In the actual launch of his campaign on Saturday, former Brazilian President Luiz Inácio Lula da Silva aimed to lure centrists into his coalition to bolster his bid to topple incumbent President Jair Bolsonaro.
“We want to unite democrats of all backgrounds and colors to confront and defeat the totalitarian threat, hatred,” da Silva told thousands of supporters of his Workers’ Party, union members and political allies gathered in Sao Paolo.
“We want to return so that no one dares to challenge our democracy and that fascism returns to the gutters of history, which it should never have left,” added the former president. “To end this crisis and develop, Brazil must become a normal country again.”
The event was technically the launch of da Silva’s pre-campaign, as the law does not allow people to officially declare themselves candidates until August 5. The considerable advantage against far-right Bolsonaro in the October election has narrowed in recent weeks, according to some surveys.
Bolsonaro challenged Supreme Court justices and their rulings, cast doubt on the reliability of Brazil’s electronic voting system and described the upcoming elections as a fight between good and evil. Analysts have expressed concern that he is preparing to challenge the election results.
Da Silva’s most concrete effort to break into the moderates so far has been his selection of a rival, Geraldo Alckmin, as his running mate. Alckmin, a center-right Catholic, appeared via video because he tested positive for COVID-19 on Thursday. The former governor of Sao Paulo lost his presidential bids in 2006 and 2018, during which he sharply criticized Workers’ Party administrations.
“No disagreement of the past, no difference with the president and not even the possible disagreements of today and tomorrow will allow me to apologize for supporting and defending with determination the return of Lula to the presidency of Brazil”, said Alckmin, adding that the Bolsonaro administration is “the most disastrous and cruel in the country’s history”.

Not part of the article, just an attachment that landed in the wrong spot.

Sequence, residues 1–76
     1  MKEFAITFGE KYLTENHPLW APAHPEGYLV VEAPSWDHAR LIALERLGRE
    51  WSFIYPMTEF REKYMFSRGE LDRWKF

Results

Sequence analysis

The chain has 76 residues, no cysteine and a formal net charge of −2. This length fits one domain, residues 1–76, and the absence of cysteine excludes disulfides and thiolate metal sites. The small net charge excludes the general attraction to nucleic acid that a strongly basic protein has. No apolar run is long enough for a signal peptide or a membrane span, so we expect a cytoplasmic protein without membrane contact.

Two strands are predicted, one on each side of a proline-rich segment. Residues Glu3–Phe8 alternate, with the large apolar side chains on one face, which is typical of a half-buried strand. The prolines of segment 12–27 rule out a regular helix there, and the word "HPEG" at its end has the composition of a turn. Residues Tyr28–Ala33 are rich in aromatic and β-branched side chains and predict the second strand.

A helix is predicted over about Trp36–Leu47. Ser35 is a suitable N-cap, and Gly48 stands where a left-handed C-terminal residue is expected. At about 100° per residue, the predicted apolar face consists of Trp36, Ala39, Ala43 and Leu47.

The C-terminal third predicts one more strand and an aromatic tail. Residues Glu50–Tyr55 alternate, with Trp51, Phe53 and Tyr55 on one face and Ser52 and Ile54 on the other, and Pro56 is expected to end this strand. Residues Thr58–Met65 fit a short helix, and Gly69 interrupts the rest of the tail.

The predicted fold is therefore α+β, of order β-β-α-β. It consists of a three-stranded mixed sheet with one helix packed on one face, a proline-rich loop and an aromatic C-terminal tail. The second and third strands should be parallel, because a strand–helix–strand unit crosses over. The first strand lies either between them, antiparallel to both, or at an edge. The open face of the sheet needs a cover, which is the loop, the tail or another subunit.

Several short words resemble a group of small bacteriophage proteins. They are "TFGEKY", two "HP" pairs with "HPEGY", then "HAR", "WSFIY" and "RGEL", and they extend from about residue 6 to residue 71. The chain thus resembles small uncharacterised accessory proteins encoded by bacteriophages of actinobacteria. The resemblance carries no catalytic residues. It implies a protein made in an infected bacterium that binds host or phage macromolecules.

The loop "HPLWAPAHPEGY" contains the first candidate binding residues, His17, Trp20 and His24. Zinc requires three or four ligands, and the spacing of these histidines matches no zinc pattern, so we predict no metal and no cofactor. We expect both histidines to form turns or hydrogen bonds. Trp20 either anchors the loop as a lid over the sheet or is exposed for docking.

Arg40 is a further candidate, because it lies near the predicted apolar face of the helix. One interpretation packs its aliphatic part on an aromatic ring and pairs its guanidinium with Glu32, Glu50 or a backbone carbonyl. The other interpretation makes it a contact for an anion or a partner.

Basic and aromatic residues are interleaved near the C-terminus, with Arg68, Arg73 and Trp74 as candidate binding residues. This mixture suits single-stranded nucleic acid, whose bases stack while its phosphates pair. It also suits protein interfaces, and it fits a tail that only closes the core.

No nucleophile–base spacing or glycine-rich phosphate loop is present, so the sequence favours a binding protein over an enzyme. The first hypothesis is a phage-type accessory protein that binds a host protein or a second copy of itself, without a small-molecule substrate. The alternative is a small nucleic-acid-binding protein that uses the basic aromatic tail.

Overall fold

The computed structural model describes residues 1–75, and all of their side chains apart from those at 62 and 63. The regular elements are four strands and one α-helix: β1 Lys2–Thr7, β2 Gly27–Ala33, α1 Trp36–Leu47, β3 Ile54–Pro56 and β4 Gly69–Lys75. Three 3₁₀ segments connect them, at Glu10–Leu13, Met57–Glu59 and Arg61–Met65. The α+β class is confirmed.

“When President Lula extended his hand to me, I saw more than a gesture of reconciliation between two historic adversaries. I saw a call for reason,” he said.
Alckmin has been compared to former vice-president José Alencar, who died in 2011 and was instrumental in da Silva’s campaign to pivot to the center and win in 2002.
Members of other moderate political parties not aligned with da Silva were also present, including Senator Otto Alencar and Senator Veneziano Vital do Rego.
“We need to expand this coalition and that’s also why today,” Alencar told reporters. His party is unlikely to field a presidential candidate this year. “If we can’t bring the centrist parties to Lula on the first ballot, let them come on the second. We must open our arms to every Democrat.
Da Silva’s efforts to woo moderates are in line with what many analysts say he needs to do to secure victory. Political analyst Bruno Carazza told The Associated Press that polling data showed him consolidating support among left-leaning voters, but he was having less success connecting with people elsewhere on the spectrum. .